The analysis not only dwells into the company’s historical earnings, debt and working capital requirements and past corporate actions, but also the company’s competition, strengths and weaknesses, industry prospects and macro factors that could influence the intrinsic value of its shares.

A company may be fundamentally strong, but overpriced in the stock market. The other company might not be as fundamentally strong as others, but the stock market might not be valuing it right (or undervaluing it).

Most Important Fundamental Analysis Tools/Parameters

There are various Fundamental Analysis Tools/Parameters. Let’s take a look at some:

1. Price to Earnings Ratio 

Price to earnings ratio, also called PE ratio, is the most common tool to figure out the intrinsic value of a stock or the market as a whole. A PE ratio is defined by the price one pays for a Re 1 earnings of a company. If the PE is 21, it means an investor is willing to pay Rs 21 for every single rupee earnings by a company. The formula goes as – (price/earnings per share).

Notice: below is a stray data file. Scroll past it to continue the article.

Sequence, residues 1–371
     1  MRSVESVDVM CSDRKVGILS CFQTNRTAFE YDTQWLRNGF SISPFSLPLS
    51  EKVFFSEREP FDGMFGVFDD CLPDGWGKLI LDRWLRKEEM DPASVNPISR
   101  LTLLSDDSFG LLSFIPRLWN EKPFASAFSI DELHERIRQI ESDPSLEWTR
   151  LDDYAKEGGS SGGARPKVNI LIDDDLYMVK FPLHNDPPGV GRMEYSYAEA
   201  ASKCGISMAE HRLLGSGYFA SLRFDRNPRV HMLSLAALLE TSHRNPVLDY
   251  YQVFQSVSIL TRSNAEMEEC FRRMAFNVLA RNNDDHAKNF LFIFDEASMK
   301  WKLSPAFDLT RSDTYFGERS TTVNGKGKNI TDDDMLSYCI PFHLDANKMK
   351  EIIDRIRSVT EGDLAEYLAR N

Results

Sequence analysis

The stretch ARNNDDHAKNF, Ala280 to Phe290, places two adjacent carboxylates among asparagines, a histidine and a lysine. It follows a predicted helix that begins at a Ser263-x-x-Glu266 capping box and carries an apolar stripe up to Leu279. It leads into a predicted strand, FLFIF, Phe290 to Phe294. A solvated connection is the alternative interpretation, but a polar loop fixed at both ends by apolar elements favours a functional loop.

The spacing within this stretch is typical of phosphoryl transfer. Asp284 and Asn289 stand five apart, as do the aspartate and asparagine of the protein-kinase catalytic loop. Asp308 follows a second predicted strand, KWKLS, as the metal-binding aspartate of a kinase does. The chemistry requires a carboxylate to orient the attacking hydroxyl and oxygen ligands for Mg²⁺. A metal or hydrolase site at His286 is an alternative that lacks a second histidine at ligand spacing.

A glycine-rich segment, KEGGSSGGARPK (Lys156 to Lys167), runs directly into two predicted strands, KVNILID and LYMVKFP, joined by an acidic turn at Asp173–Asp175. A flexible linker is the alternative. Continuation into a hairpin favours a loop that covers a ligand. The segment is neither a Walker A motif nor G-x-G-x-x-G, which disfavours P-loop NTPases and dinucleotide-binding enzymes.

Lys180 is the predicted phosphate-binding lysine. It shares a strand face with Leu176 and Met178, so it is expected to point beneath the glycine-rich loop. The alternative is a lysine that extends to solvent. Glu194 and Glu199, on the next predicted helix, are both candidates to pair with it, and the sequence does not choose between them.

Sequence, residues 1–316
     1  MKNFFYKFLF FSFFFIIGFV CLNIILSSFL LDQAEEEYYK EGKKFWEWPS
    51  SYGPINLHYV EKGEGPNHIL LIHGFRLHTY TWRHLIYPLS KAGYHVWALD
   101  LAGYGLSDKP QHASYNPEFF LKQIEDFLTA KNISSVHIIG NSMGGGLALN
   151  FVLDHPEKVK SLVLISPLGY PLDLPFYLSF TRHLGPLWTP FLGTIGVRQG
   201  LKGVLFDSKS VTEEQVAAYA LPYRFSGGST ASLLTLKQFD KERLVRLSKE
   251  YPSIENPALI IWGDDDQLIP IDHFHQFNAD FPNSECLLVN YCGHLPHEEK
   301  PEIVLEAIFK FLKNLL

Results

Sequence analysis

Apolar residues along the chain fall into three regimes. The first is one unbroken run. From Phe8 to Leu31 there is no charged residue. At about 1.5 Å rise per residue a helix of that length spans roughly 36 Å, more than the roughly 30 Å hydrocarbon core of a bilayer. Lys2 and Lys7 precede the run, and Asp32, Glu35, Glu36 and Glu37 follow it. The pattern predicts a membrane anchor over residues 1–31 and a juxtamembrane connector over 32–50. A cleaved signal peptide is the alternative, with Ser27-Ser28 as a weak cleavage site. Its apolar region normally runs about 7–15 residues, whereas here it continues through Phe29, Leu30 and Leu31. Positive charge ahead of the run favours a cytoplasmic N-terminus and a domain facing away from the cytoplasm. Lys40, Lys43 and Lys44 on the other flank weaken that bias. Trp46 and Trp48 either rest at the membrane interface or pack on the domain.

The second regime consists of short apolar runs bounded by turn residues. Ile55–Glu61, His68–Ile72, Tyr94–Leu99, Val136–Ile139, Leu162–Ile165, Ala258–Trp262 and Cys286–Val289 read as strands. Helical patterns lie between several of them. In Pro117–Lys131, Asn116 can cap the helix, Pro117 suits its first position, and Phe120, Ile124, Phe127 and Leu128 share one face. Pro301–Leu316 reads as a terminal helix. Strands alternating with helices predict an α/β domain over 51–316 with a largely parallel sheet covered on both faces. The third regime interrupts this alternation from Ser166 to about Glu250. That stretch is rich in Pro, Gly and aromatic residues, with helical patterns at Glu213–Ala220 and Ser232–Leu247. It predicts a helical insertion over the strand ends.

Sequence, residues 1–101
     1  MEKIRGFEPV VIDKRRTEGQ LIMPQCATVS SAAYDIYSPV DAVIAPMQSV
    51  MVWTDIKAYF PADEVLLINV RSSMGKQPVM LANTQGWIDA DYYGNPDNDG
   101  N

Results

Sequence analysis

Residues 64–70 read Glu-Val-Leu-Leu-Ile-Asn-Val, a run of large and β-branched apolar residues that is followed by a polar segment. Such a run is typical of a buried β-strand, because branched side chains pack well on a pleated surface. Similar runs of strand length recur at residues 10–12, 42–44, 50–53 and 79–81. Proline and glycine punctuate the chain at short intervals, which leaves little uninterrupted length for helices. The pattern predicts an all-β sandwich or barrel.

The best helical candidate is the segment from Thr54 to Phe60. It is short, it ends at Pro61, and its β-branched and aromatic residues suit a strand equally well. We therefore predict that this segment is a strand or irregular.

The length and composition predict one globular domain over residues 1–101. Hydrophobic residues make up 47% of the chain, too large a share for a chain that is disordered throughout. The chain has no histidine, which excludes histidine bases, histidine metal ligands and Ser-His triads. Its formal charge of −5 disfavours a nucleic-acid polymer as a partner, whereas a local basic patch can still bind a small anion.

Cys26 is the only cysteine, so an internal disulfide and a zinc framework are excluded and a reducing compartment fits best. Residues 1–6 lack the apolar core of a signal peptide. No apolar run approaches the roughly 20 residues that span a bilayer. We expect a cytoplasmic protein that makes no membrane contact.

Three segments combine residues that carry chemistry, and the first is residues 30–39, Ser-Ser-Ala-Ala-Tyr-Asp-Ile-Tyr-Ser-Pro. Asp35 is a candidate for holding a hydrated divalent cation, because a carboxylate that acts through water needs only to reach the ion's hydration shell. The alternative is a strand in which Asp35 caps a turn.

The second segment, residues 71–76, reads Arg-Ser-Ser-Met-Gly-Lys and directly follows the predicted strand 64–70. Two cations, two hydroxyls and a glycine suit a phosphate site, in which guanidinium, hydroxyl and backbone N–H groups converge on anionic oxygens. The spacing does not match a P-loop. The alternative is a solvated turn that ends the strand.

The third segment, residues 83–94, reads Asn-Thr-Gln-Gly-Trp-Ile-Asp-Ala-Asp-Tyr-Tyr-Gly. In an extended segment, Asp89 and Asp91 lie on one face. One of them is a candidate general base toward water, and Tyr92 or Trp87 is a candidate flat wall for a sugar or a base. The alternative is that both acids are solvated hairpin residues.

Learn everything about PE Ratio here.

2. Return on Equity Ratio 

Return on equity tells you how much post-tax profits a company has earned on overall investment shareholders have made in the company. A company capable of generating high return on equity consistently is the one with better prospects of continuous growth in profits. The formula is simple: 

Return on Equity = Net Income ÷ Average Shareholders’ Equity

3. Debt-Equity Ratio

If you have taken loans, a major part of your salary might be going into serving EMIs. Similarly, if a company has taken debt, a good part of its income might be going into interest payment. A debt-free company or one with a low debt-equity ratio makes for a good investment.